Second Life-maker calls it quits

Second Life-maker calls it quits on their VR follow-up

The game developer behind Second Life has abandoned its grand efforts for a virtual reality follow-up to its early 2000s hit.

SF-based Linden Lab announced today that they’ve sold off assets related to Sansar to a small, little-known company called Wookey Search Technologies, which will take over development of the title. Linden Lab will continue developing and maintaining Second Life and it sounds like some of its employees will be joining Wookey. The deal was reported by Protocol.

The game studio had already announced layoffs last month.

Second Life has remained in the limelight of popular culture, and the studio claimed to still be hauling in substantial revenues from the game in recent years. That said, the failure of Sansar is a disaster for Linden Lab, which has focused considerable resources on the effort since it first teased the platform back in 2014.

When the title was announced, VR was at the peak of its hype following Facebook’s Oculus VR acquisition. Though Sansar launched in beta with support for both VR and desktop usage, the slow adoption of VR certainly didn’t help the title’s popularity. The studio’s leadership has detailed in interviews that the majority of Sansar’s users are desktop-based.

Given the evident turmoil at the studio, Sansar’s user base will likely be relieved to hear that the studio did their best to give the title a soft landing, though it’s unclear what resources its new acquirer has access to.

Have a great Week From All of us at Zoha Islands And Fruit Islands..

A Message from our CEO: Coronavirus and Second Life Operations

A Message from our CEO: Coronavirus and Second Life Operations


A Message from our CEO.png

As concerns about the current coronavirus outbreak continue, we want to assure the community that we have taken steps to ensure that the Second Life operations stay steady while also helping our employees stay safe through this public health crisis. Our hearts and thoughts go out to those who have been affected by this unprecedented event.

Second Life will continue to be available without interruption as we get through this tough time together. Due to our previous crisis contingency planning and the flexible nature of our distributed workforce, we are not expecting any changes to response times for support inquiries and payment processing.

We know that Second Life serves a great purpose for our community as people seek ways to stay in touch with their friends and co-workers, as they grapple with new social distancing protocols, mandated remote work requirements, and other precautionary measures.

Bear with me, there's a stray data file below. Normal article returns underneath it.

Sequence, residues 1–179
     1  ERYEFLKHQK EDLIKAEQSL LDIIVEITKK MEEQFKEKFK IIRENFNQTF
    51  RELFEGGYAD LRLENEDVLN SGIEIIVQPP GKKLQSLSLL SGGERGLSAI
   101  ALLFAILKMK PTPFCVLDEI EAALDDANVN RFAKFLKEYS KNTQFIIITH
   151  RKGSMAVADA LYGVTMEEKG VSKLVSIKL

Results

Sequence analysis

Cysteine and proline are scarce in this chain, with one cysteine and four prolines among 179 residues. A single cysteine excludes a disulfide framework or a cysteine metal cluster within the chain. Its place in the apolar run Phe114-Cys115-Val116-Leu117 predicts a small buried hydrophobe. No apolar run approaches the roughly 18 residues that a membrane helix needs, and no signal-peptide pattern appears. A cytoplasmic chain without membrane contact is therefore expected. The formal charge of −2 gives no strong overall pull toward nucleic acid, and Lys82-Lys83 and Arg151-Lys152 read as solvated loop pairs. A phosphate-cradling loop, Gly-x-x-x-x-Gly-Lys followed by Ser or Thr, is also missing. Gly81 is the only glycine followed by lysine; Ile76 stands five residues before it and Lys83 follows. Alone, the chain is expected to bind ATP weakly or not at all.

With the closure of many universities and displaced conferences and events, Second Life also continues to be an option for disrupted organizations looking for new remote work, classroom or event solutions. To help, we recently implemented a reduction in pricing to a flat $99/month per region for qualified education and nonprofit organizations.

We are seeing an increase in new registrations and returning residents during this outbreak. Please be kind and welcoming to those who may just need a friendly conversation to escape from this crazy world for a moment or more. If you have a friend or colleague who is looking for a safe place to socialize online during these tough times, we encourage you to help them discover how Second Life can enable them to feel less isolated by connecting them to your favorite communities or experiences.

Like many companies across the globe, we’ve put into action new remote work policies for our employees to ensure that they can take care of themselves and their families while continuing to work from home. Prior to this incident, a large percentage of our company was already working from the “Moonlab” (that’s what we call remote employees’ locations), so we have been able to transition quickly and efficiently to a fully remote setup.

For the past 17 years, Second Life has been a special place that brings people across the world together — and we appreciate your trust and support as we get through this rough time together.

Ebbe and all the Lindens
From the Moonlab. 3.18.2020.


Pictured: Some of the many Linden Lab employees at a recent meeting in Second Life.

Zoha Islands And Fruit Islands Will run as normal at least for now. Lets work together to get through this crisis and help your neighbor when you can. Please check out your NEW VENUE Brick Shiphouse  The Best OF The Best In Sl Entertainment. See you all there. 

From the Staff Of Zoha Islands And Fruit Islands Stay Well And Stay Home! Lets get through this together.

Second Life to Expand Support & Reduce Prices for Education & Nonprofits